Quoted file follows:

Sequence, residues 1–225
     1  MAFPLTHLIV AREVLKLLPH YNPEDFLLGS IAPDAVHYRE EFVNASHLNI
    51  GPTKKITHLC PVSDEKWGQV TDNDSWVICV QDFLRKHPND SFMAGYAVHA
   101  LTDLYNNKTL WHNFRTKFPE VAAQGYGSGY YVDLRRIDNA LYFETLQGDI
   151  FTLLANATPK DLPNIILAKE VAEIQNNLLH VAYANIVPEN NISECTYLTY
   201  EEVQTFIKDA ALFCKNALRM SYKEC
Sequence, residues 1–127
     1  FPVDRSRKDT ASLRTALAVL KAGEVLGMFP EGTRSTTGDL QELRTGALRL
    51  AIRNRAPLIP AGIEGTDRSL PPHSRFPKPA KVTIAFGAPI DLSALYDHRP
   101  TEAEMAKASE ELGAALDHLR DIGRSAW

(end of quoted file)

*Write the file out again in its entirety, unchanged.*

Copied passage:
Sequence, residues 1–225
     1  MAFPLTHLIV AREVLKLLPH YNPEDFLLGS IAPDAVHYRE EFVNASHLNI
    51  GPTKKITHLC PVSDEKWGQV TDNDSWVICV QDFLRKHPND SFMAGYAVHA
   101  LTDLYNNKTL WHNFRTKFPE VAAQGYGSGY YVDLRRIDNA LYFETLQGDI
   151  FTLLANATPK DLPNIILAKE VAEIQNNLLH VAYANIVPEN NISECTYLTY
   201  EEVQTFIKDA ALFCKNALRM SYKEC
Sequence, residues 1–127
     1  FPVDRSRKDT ASLRTALAVL KAGEVLGMFP EGTRSTTGDL QELRTGALRL
    51  AIRNRAPLIP AGIEGTDRSL PPHSRFPKPA KVTIAFGAPI DLSALYDHRP
   101  TEAEMAKASE ELGAALDHLR DIGRSAW